that “the term ‘last arrival in the United States’ should not be read to include
an alien’s return to the United States after a brief trip abroad pursuant to a
parole explicitly permitted by United States immigration authorities.” Id. at
179. While noting that this interpretation “seemed to disregard the words of
the applicable regulation,” the court ultimately concluded that this selective
manner of interpreting “last arrival” “best accords with the purpose of the
statute as a whole.” Id. The Second Circuit based its conclusion principally
on a survey of the legislative history behind the rewriting of section 208 of the
Act by section 604(a) of the Illegal Immigration Reform and Immigrant
Responsibility Act of 1996, Division C of Pub. L. No. 104-208, 110 Stat.
3009-546, 3009-690 (“IIRIRA”). Id. at 179-80.
We disagree with Joaquin-Porras v. Gonzales in that we discern no basis
for construing the regulation as not taking into account entries that occurred
after brief absences from the United States. Cf. Matter of Collado, 21 I&N
Dec. 1061 (BIA 1998) (noting the demise of the so-called “Fleuti doctrine” as
a result of the enactment of the IIRIRA). Whatever might be the policy
advantages of the construction adopted by the Second Circuit, and whether orCite as 24 I&N Dec. 681 (BIA 2008) Interim Decision #3630
2 In Matter of Collado, supra, we observed that the Supreme Court’s decision in Rosenberg
v. Fleuti, 374 U.S. 449 (1963), was based on the fact that the definition of “entry” then in
force included the term “intended” such as to support an exception for departures whose
purpose was brief, casual, and innocent.
not the legislative history invoked by the Second Circuit represents an accurate
recapitulation of Congress’s intent when it enacted the 1-year filing period in
1996, that legislative history provides no direct insight into the Attorney
General’s intent in promulgating the clear regulatory text through which
he implemented his delegated authority to administer, interpret, and enforce
the 1-year filing period. Instead, the relevant entries in the Federal Register
constitute the regulatory history underlying the final promulgation of 8 C.F.R.
§ 1208.4(a)(2)(ii). In this regard, we observe that the term “last arrival”
initially appeared in the proposed rule published in the Federal Register on
January 3, 1997, and was subsequently retained without comment or
amendment in the subsequent interim rule published on March 6, 1997, and in
the final rule published on December 6, 2000. See Asylum Procedures,
65 Fed. Reg. 76,121, 72,123 (Dec. 6, 2000); Inspection and Expedited
Removal of Aliens; Detention and Removal of Aliens; Conduct of Removal
Proceedings; Asylum Procedures, 62 Fed. Reg. 10,312, 10,316 (Mar. 6, 1997)
and 62 Fed. Reg. 444, 463 (Jan. 3, 1997) (Supplementary Information). Thus,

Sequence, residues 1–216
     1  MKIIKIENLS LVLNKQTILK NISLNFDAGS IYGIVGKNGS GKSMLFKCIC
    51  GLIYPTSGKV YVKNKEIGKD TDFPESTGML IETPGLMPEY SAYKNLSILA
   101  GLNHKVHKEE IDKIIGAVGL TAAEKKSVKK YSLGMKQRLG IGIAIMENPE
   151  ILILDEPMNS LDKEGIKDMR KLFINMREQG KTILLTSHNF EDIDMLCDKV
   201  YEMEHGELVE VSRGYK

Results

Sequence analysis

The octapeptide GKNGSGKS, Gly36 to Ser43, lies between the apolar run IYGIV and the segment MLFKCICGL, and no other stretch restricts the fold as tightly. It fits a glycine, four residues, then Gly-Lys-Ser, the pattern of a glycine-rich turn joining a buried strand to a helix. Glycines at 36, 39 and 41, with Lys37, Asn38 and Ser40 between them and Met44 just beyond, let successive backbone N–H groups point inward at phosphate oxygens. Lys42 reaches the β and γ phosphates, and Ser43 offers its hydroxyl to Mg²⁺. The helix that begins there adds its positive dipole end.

the regulatory history does not amplify the meaning of the phrase “last arrival”
conveyed through the ordinary meaning of the words in the regulation.
We understand the concern that appears to underlie the Second Circuit’s
decision in Joaquin-Porras v. Gonzales, supra. Indeed, a literal construction
of the term “last arrival” may have the potential to permit certain aliens to
defeat the purpose of the 1-year asylum filing deadline by making a brief trip
abroad for the sole or principal purpose of evading the time bar and
resuscitating the ability to seek asylum. However, it is not disputed that the
respondent’s trip, although brief, was for the legitimate purpose of attending
a relative’s funeral. Thus, we need not here examine whether the regulation
should be read to embody an implicit exception in a case where it is found that
an alien’s trip abroad was solely or principally intended to overcome the
1-year time bar.2
In light of the above, we will remand the record of proceedings to the
Immigration Judge. Inasmuch as the Immigration Judge determined that the
respondent has met his burden of proof for withholding of removal under
section 241(b)(3) of the Act, it necessarily follows that he has met his burden
of proof for asylum under section 208(a). Compare INS v. Cardoza-Fonseca,
480 U.S. 421 (1987), with INS v. Stevic, 467 U.S. 407 (1984). Thus, the
purpose of our remand is limited to determining whether the respondent merits
asylum in the exercise of discretion, as the Immigration Judge did not makeCite as 24 I&N Dec. 681 (BIA 2008) Interim Decision #3630
any findings in this aspect. See generally Matter of Pula, 19 I&N Dec. 467,
473-75 (BIA 1987) (setting forth factors relevant to a discretionary analysis of
an asylum claim). Accordingly, the respondent’s appeal will be sustained and
the record will be remanded.
ORDER: The respondent’s appeal is sustained.
FURTHER ORDER: The record is remanded to the Immigration Judge
for further proceedings consistent with the foregoing opinion and for the entry
of a new decision.